• Say Nigeria at risk of CBN-induced recession
• Ekiti, Niger join five other states in suit at Supreme Court
• CIBN: Banks working to restore normalcy
• Infrastructure dearth, technical challenges obstacle to adoption of CBN withdrawal limit directive – Survey
• PDP tells APC leaders, others ‘halt hoarding of new notes’
Ahead of Wednesday’s sitting of the Supreme Court to decide on the naira redesign policy of the Central Bank of Nigeria (CBN), the Nigeria Governors’ Forum (NGF) has urged its members to support the legal battle on the policy against the Federal Government at the apex court.
In a communiqué issued yesterday, after its meeting on Saturday in Abuja, the NGF directed Attorneys General of the 36 states to review the suit at the Supreme Court with a view to consolidating the legal reliefs pursued by states.
The case was originally instituted by governments of Kaduna, Kogi and Zamfara states before Kano, Niger, Ondo and Ekiti states joined the suit last week.
Rising from the meeting, the governors said the country is at risk of recession, which will be the result of CBN’s naira exchange policy.
In the communiqué signed by NGF chairperson and governor of Sokoto State, Aminu Tambuwal, the governors, across party lines, criticised CBN over the handling of the policy, adding that the resulting naira scarcity is causing hardship for Nigerians.
They accused the apex bank of conducting a ‘currency confiscation’ programme that is causing suffering for Nigerians. The governors also called “for the halting of CBN’s plan to end the use of the old currency notes after two deadlines failed to end naira scarcity across the country.
“The argument by CBN for what it describes as the astronomical increase in the currency in circulation as the basis for this policy is not supported by its own data.
“According to CBN, the currency in circulation increased from N1.4 trillion in 2015 to N3.23 trillion in October 2022. CBN appears not to have taken into consideration the increase in the size of the country’s nominal GDP over this period, the doubling of consumer prices, rising population and the impact of the humongous Ways & Means advances to the Federal Government by CBN over this period.
“In the circumstances, it is safe to draw either of two conclusions – the CBN data may be incomplete or in fact, Nigerians may have done exceptionally well in the transition to a cashless economy.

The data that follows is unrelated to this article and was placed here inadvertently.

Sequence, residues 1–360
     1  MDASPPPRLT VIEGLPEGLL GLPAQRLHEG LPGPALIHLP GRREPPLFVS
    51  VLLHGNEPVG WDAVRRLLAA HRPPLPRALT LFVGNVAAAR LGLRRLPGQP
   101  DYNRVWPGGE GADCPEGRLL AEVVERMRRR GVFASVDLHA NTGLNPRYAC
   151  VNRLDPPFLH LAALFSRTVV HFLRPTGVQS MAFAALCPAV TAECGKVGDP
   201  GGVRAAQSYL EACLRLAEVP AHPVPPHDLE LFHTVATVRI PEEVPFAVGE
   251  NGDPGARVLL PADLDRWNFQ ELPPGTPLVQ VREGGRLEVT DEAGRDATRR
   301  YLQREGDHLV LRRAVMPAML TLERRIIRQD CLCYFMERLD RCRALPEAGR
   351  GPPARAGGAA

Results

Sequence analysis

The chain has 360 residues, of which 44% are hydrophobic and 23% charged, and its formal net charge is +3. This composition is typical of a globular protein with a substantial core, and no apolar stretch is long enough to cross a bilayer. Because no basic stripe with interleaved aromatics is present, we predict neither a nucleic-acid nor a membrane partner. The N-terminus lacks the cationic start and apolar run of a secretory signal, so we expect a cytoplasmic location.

“In addition, considering the sizeable informal sector in the nation, the amount of banknotes created in exchange so far by the CBN implies it vastly underestimated the economy’s actual cash needs.
“The inability to use the new notes has had far-reaching economic effects, leading to the emergence of the naira black market, severe food inflation, variable commodities prices based on the method of exchange, and long queues as well as crowds around Automated Teller Machines (ATMs) and banking halls across the country. The country runs the risk of a CBN-induced recession.
“It is our considered view that what CBN is at present pursuing is a currency confiscation programme, not the currency exchange policy envisaged under S20(3) of the CBN Act, 2007. Currency confiscation in the sense that the liquidity provided to the general public is grossly insufficient due to the restrictions placed on the amount that can be withdrawn regardless of the amount deposited.”
The governors’ stance comes amid suffering by Nigerians who have found it difficult to access cash for their daily transactions. The currency scarcity is a product of CBN’s decision to redesign the notes of the three largest naira denominations: N200, N500 and N1,000.
The governors, therefore, “called on the Federal Government and CBN to respect the rule of law and listen to the voice of reason expressed by Nigerians and other stakeholders, including the Council of State, before the damage to our economy becomes too great to fix by the next administration.”
As the controversy over the naira redesign continues, Ekiti State government, at the weekend, applied to be joined as co-plaintiff in the suit against the Federal Government over CBN deadline for the swap of old notes for new ones.
According to a statement by the Chief Press Secretary to the governor, Yinka Oyebode, the Application for Joinder was filed on Friday at the Supreme Court by the Ekiti State Attorney General and Commissioner for Justice, Mr. Dayo Apata (SAN).
The suit with number SC/CV/162/2023 has Attorneys General of Kaduna, Kogi and Zamfara states as plaintiffs, while the Attorney-General of the Federation, Abubakar Malami (SAN) is the defendant.
Also at the weekend, Niger State government filed a suit against the Federal Government over the implementation of the CBN policy. A statement by the Attorney General and Commissioner for Justice, Nasara Danmallam, said the suit with number SC/CV/210/2023 was filed on Friday.
According to the statement, the suit is seeking for an extension of the timeframe given by CBN for the currency swap and withdrawal from circulation, of the old notes among other reliefs.
Danmallam added that in the affidavit in support of the originating summons, Niger State government contended that unavailability of the newly redesigned notes has caused untold hardship and suffering on citizens of the state, especially those living in rural communities.